Sliding flat values in tale of two markets

SINKING property prices seem to be the order of the day, so another quarter of tumbling prices came as no surprise.

More notable is an emerging trend that private home prices appear more resilient now than those of HDB resale flats. Since the third quarter of 2013, prices of HDB resale flats have fallen more than those of private homes.

Cooling measures sent private home prices down by 3.8 per cent in the past year, flash estimates indicated yesterday. Housing Board flat values tumbled a steeper 6 per cent in the same period.

Over the year, experts predict that private homes prices will ease 5 to 6 per cent while HDB resale prices slide by 5 to 8 per cent.

This reverses the usual pattern.

Rises or falls in private home prices mostly outpace changes in the HDB market, especially during a global or economic crisis, said Ms Chia Siew Chuin, director of research and advisory at Colliers International.

She cited the 1997 Asian financial crisis when private property prices dived 44.9 per cent as HDB resale prices shed 20.4 per cent. “HDB flats are a basic housing provision… the public segment tends to be insulated from external shocks during those times.”

A shortage of new flats had also forced buyers to look to resale flats, propping up prices, said Mr Ong Teck Hui, JLL national director of research and consultancy.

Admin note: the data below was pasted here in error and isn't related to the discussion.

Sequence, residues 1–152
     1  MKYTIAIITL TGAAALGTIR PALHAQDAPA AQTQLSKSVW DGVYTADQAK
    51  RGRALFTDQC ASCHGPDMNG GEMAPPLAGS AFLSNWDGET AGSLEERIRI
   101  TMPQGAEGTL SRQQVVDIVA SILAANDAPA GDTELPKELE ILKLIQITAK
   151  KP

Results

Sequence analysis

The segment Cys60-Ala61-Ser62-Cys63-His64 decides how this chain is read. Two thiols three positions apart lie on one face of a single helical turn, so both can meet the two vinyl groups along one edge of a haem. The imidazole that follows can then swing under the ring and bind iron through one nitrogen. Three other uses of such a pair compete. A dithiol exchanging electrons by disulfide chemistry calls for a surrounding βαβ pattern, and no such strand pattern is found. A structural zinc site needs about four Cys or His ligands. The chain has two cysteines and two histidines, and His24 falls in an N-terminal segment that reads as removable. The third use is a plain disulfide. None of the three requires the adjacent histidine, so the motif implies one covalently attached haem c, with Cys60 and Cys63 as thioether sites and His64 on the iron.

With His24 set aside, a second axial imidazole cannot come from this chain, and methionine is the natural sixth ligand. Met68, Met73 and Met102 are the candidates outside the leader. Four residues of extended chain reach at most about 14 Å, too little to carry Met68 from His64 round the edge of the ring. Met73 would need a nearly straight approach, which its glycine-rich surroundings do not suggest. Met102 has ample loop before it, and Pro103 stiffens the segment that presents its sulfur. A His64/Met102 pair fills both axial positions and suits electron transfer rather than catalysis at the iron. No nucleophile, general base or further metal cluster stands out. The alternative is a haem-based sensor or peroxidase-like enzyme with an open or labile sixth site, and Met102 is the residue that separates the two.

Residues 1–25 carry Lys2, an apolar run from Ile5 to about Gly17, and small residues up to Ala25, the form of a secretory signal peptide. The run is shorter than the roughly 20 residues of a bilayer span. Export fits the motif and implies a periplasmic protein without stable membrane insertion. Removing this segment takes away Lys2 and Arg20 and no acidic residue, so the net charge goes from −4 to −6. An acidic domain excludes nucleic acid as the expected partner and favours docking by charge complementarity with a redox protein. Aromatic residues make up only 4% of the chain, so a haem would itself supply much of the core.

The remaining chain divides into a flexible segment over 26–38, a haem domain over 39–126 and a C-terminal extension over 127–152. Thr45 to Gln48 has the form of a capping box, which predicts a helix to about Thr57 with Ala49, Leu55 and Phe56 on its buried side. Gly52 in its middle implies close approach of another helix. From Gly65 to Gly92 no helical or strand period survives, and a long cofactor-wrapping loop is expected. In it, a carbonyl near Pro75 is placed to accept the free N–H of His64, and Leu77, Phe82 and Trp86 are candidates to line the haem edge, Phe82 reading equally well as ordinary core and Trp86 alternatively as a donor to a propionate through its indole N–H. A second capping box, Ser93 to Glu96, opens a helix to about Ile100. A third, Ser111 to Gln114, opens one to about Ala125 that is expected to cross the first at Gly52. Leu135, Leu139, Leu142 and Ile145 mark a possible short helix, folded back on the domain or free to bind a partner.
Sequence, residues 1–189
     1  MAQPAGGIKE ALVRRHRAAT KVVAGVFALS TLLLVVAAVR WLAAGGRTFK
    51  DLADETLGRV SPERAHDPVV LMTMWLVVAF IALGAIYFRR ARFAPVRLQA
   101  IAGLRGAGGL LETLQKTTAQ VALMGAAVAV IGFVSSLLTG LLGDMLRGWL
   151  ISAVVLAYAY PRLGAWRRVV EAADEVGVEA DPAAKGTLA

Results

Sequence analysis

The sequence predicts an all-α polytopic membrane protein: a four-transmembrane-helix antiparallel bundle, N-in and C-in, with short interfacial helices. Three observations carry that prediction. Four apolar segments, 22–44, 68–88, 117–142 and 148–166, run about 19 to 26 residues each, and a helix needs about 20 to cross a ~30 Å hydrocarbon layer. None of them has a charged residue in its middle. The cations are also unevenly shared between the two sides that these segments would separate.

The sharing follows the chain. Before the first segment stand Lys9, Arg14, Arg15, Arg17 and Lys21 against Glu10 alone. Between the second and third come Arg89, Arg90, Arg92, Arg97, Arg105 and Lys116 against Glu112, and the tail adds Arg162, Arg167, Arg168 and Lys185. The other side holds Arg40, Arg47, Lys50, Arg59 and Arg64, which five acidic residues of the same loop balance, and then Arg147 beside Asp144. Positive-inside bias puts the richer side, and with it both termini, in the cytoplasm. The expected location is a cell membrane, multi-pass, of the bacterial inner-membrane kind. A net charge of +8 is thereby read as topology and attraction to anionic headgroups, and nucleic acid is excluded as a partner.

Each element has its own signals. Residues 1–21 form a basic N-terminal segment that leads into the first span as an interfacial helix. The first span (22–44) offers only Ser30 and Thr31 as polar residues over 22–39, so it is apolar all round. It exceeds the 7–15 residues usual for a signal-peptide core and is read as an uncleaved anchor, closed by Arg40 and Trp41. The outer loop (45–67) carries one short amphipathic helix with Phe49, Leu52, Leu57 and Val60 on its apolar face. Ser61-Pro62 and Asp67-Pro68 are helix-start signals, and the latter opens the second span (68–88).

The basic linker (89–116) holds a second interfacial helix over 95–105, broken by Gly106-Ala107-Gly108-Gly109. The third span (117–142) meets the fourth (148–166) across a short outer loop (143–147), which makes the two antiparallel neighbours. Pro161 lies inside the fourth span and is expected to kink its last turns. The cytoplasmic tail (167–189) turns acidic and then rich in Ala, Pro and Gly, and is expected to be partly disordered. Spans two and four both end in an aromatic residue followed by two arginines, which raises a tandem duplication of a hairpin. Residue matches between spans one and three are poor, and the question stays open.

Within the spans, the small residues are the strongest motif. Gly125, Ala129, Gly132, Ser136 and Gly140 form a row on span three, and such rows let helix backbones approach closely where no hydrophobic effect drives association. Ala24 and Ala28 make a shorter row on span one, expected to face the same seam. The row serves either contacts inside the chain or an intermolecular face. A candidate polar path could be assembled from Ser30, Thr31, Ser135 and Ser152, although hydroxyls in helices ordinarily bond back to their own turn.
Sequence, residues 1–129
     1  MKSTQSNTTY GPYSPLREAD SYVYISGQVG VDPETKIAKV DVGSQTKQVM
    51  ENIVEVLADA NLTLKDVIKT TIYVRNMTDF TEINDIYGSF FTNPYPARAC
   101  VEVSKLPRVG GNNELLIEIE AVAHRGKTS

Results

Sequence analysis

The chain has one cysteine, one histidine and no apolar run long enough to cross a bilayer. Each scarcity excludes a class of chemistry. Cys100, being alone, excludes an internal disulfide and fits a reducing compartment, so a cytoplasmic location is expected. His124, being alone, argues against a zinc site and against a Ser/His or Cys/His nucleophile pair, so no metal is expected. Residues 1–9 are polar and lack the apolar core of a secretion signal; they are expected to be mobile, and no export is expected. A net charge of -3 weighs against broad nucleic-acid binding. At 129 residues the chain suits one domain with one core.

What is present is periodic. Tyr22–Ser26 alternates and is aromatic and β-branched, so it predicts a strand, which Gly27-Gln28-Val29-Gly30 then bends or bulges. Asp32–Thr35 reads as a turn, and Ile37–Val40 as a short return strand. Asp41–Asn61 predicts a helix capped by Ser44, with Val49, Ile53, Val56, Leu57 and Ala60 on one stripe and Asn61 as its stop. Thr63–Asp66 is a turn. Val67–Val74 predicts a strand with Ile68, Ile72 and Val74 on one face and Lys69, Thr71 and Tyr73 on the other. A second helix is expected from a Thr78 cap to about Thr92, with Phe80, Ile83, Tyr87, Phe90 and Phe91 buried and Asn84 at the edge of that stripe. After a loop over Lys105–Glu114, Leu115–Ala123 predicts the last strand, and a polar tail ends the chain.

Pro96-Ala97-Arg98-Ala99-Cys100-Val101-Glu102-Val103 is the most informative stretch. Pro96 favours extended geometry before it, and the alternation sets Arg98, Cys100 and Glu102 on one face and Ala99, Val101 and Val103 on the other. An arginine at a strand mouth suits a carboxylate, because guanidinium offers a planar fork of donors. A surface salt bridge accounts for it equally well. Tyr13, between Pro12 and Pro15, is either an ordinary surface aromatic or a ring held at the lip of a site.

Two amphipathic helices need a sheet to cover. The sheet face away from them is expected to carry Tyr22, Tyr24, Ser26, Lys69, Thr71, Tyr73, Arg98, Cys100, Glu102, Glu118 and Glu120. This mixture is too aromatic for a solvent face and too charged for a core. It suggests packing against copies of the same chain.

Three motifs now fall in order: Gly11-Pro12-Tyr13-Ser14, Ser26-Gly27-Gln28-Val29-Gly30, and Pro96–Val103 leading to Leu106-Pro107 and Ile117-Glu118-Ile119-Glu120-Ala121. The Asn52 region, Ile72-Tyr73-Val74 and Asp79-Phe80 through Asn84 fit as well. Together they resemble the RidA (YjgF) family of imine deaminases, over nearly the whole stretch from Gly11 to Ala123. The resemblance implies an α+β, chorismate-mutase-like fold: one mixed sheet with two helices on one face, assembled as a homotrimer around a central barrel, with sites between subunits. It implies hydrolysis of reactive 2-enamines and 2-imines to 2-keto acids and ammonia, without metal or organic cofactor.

But the rug seems to have been pulled from under the feet of the HDB market, as demand shifted from resale flats to new flats.

The market is now flush with new HDB flats after the Government ramped up its building programme to meet first-time buyer demand. About 25,000 new flats were launched last year, with 22,000 more due this year.

A mortgage servicing ratio limiting monthly housing payments at 30 per cent of the buyer’s gross monthly income hit many. And newly minted permanent residents can buy an HDB flat only after three years.

Private home buyers have been hurt by tough mortgage lending guidelines and higher stamp duties but one key difference is that high land prices paid by developers act as a limit on discounting.

“They’re floating on thin margins,” as Mr Alan Cheong, research head at Savills Singapore, noted.

Also, private property owners would have gained from the 60 per cent surge in private home prices during the most recent market upswing. They are unlikely to lower their selling expectations.

Still, the private home market could be hit by an external shock, much like the Asian financial crisis, or internal issues, like rising vacancies owing to an oversupply of new homes.

The market will soon abound with completed condo units – many of which have been bought for investments – in the face of a shrinking pool of foreign tenants.

“If loan servicing is affected by reduced rental income, there could be selling pressure resulting in price declines,” said Mr Ong.


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